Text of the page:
Organizing Solutions for People with Attention Deficit Disorder
Practical, time-saving advice for those of us who struggle with procrastination, perfectionism, impulsivity, and forgetfulness.
By Susan C. Pinsky
Fair Winds Press (December 1, 2006)
Purchase Organizing Solutions for People with Attention Deficit Disorder
Susan Pinsky, a professional organizer and a mother of an ADHD child, gives practical, time-saving advice for those of us who struggle with procrastination, perfectionism, impulsivity, and forgetfulness. Unlike the instructions in most other books on organizing, this one includes photographs that show how things are done.
Pinsky’s guiding principle – efficiency over beauty – helps ensure that an organizational system put into place by an ADDer will actually be maintained. Take financial statements, for example. Pinsky recommends simply tossing them into a box as they arrive. This system ensures that the statements stay in a designated location, in chronological order-without the tedium of traditional filing.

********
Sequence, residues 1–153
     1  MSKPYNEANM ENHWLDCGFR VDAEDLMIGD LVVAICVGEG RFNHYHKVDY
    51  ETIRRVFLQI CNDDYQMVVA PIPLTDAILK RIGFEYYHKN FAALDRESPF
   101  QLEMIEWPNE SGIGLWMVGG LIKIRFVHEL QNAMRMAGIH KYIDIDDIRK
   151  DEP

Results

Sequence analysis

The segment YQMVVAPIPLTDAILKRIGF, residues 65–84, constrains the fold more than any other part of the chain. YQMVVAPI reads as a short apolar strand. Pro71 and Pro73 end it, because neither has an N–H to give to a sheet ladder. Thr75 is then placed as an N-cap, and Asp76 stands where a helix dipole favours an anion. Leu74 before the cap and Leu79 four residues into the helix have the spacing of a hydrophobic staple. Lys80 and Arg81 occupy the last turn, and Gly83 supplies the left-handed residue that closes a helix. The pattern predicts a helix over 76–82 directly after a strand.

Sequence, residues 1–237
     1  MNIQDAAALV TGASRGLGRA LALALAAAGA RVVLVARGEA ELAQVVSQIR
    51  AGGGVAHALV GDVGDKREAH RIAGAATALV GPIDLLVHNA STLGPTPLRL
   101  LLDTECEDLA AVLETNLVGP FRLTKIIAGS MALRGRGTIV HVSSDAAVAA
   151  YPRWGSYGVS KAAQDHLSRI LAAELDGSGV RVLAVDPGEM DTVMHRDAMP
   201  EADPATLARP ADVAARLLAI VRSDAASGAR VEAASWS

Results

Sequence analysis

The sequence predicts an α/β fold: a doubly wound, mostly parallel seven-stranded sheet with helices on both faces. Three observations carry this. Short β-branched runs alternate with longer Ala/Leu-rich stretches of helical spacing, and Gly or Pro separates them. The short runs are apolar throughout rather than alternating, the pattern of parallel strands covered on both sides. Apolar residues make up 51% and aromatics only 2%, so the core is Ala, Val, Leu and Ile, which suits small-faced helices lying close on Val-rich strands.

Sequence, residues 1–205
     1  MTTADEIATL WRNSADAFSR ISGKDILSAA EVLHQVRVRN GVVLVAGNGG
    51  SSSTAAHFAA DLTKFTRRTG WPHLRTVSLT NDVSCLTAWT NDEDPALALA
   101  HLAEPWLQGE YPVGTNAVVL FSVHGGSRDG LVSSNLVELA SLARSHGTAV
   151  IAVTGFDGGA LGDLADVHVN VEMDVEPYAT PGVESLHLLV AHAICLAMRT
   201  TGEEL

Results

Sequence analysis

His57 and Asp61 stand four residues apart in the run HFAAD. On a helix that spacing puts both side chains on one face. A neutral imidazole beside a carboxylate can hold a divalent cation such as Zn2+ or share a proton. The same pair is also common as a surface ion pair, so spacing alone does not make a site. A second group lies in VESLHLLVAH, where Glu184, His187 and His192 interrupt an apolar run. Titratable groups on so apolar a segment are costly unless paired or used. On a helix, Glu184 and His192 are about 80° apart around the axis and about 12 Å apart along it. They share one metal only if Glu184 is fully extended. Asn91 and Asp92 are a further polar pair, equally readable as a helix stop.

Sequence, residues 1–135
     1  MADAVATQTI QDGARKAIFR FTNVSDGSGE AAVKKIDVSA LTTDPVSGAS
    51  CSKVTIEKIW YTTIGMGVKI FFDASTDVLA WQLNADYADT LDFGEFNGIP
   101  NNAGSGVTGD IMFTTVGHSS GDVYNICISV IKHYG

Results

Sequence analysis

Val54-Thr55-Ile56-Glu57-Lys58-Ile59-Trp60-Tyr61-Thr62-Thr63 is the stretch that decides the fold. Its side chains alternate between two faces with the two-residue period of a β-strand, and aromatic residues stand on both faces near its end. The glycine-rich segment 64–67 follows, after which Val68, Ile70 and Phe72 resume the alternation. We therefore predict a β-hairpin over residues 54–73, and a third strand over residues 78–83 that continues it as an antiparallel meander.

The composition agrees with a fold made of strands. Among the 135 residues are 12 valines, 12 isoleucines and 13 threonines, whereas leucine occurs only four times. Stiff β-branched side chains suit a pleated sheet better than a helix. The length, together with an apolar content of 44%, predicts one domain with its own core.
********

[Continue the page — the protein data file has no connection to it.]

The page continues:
The book takes nothing for granted. It explains how to pack for a trip, wash dishes, and take out the trash. There’s even an easy way to make a bed (place your bed away from the walls, so you have access to all sides, and just say no to decorative pillows and shams).
Pinsky explains how excessive shopping makes it hard to get organized, and offers a stark condemnation of Americans’ bulk-buying habits: “Stockpiling is a sin.” The more we accumulate, the more we have to manage. I’ll bet all of us have at least two can openers, when one will suffice.
This book will discourage you from buying needless possessions, and help you set up systems to make the most of what you decide to keep. I highly recommend it.
Updated on April 3, 2007